Fighting about poems: Shenandoah NZ Diary, Part II

Received by Email While Guest-Editing

I reject your rejection. You are not qualified
to cast me off. I’m a luminary: let me direct
your attention to an interstellar anthology.
You, sir or madam, have provoked a righteous
snit. A catastrophic reversion of my recent
surgery. You institutionalized me. My well-
being’s been battered by bad form letters.
Really, you made me very sad. And angry.
Sad, angry, sad, like stop-motion photography,
the sun rising, flaming, cooling, doused
with all my fondest hopes. You sack of dolts.
I thought we were friends. What a joke
your life is, what a waste of gravity. I project thee
into orbit now, thick-pate lightweight. Respectfully.

So, I wanted a new experience—creative, professional, pedagogical—and I got it, with a vengeance (although I’m hoping I haven’t inspired acts of vengeance). In May I sent out a call for work for a special Shenandoah poetry portfolio to appear in February 2013. By the September 1 deadline we had 103 packets, mostly 5 poems per author, from writers all over New Zealand and a few Aotearoans in exile. When I say “all over,” I really mean a high number from the Wellington area and a smattering from each of the other regions; my network is Wellington-based and I was only partially successful getting the word out more widely. Still, that’s a lot of poetry, and Rod Smith, Shenandoah’s Editor-in-Chief, told us we can publish a maximum of twenty-five.

The intermittent “we” in the above paragraph includes my co-editors Drew Martin and Max Chapnick. Both are senior undergraduates—although I have been suspicious for years about graduate student gatekeepers at other magazines filtering out unfashionable poems, poems that allude to sources beyond their own reading, and poems about aging bodies and other transformations born of getting older. In fact, I did like the submissions about parenthood and middle-aged chagrin more than Drew and Max did, and they liked poems of youthful urgency more than I tended to. I wanted to work with them, though, partly because of these differences. They’re different from each other, too—Drew, a musician, is drawn to oral energy and Max to allusive, intellectual stuff—but they’re both talented, opinionated, and forthright. I thought it would be clarifying to fight over poems, defending what we loved and finding ways to articulate our disappointments.

It turned out that we agreed on almost nothing. Through late August and the first week of September we read all the packets individually, marking them yes, no, and maybe. Max was the soft-hearted maybe-man while Drew and I had larger “yes” and “no” piles. Unfortunately, they weren’t the same piles. In in our first meeting, we discovered that only three authors had inspired unanimous yeses, and in those packets we were drawn to different poems. We then met twice a week for four or five weeks to wrangle each other into aesthetic submission. We came to agreement on seventeen-ish and the rest was bargaining: “you can have this, if I can have that.” Sometimes a weak line was a sticking point and we agreed to accept the poem while encouraging revision of the trouble-spot. I’ve gratefully received suggestions on my own poems from generous editors at Poet Lore, Poetry, Agni and other mags; it always seems like a sign of good editing to me and I wanted to imitate it. I’m thankful even when a rejection comes with a suggestion. Editors have overwhelming jobs, usually on top of other, paying jobs. When they show that much interest in your work, it’s flattering.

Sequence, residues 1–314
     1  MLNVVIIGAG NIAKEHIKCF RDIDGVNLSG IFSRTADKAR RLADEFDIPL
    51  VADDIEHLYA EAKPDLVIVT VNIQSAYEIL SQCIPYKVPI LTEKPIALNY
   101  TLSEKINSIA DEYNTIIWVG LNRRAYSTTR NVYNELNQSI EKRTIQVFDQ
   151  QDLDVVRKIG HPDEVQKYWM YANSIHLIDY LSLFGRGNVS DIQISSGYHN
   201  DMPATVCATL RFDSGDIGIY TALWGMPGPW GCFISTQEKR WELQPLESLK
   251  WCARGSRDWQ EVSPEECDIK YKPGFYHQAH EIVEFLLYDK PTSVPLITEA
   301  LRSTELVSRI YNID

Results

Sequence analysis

I feel good about our issue-in-progress, but for better or worse, this isn’t the issue I would have assembled by myself. I have some regrets over rejected poems. I liked a number of pieces whose virtues I never managed to articulate convincingly enough to my co-editors. One effect of the process, though, that’s probably good: my co-editors were much less cowed by big names, and not having met the submitters, were more impartial than I. (I had several crises—“Right, right, the poem has problems but we can’t reject HER/HIM!”—and they just shot me skeptical looks and waited for me to stop hyperventilating). They talked me into accepting a few poems they love but I merely respect; this is a collaboration so everyone has to win and lose sometimes. They also showed me the power in a few pieces I wouldn’t have read twice.  The result: some good work will be left out of the issue because no one fell in love with it. Every poem that willappear had a fervent champion.

Other side-effects: at least for the moment, I’m smarter about revising my own poems, because it’s easier to see what’s reject-able about them. I understand better than ever that good isn’t good enough: you have to provoke delight, passion. And, reading responses to our rejections—notes that are variously chagrined, gracious, and indignant—I can see I might not have the stomach to edit full-time. It’s hard to turn good poems away, especially when the respondents are gracious. It’s even harder to shrug off the angry replies, knowing how often I’ve swallowed the same frustration. Too much fighting! The poem up top was easy to write, not because I feel superior to my irate respondents, but because I identify with them utterly.

2 thoughts on “Fighting about poems: Shenandoah NZ Diary, Part II

  1. Great post! With my colleague Malcolm St Hill, I edit the poetry part of SWAMP (http://www.swampwriting.com/), a journal for postgraduate writing. We get fewer submissions that your mighty 100+, but Malcolm and I only ever agree on about half the poems. We sometimes also agree on an author, but not the poem! I’ve found that Malcolm has shown me wonderful aspects of poems that I wouldn’t have seen otherwise.

    Like

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